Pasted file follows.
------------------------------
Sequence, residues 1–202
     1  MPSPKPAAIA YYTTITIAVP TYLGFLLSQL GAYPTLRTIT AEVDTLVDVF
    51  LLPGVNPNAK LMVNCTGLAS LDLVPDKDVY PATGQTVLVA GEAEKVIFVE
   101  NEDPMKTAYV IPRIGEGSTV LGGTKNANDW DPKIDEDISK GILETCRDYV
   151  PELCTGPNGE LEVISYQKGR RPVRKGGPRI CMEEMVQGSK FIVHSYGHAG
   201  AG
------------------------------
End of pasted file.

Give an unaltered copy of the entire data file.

Sequence, residues 1–202
     1  MPSPKPAAIA YYTTITIAVP TYLGFLLSQL GAYPTLRTIT AEVDTLVDVF
    51  LLPGVNPNAK LMVNCTGLAS LDLVPDKDVY PATGQTVLVA GEAEKVIFVE
   101  NEDPMKTAYV IPRIGEGSTV LGGTKNANDW DPKIDEDISK GILETCRDYV
   151  PELCTGPNGE LEVISYQKGR RPVRKGGPRI CMEEMVQGSK FIVHSYGHAG
   201  AG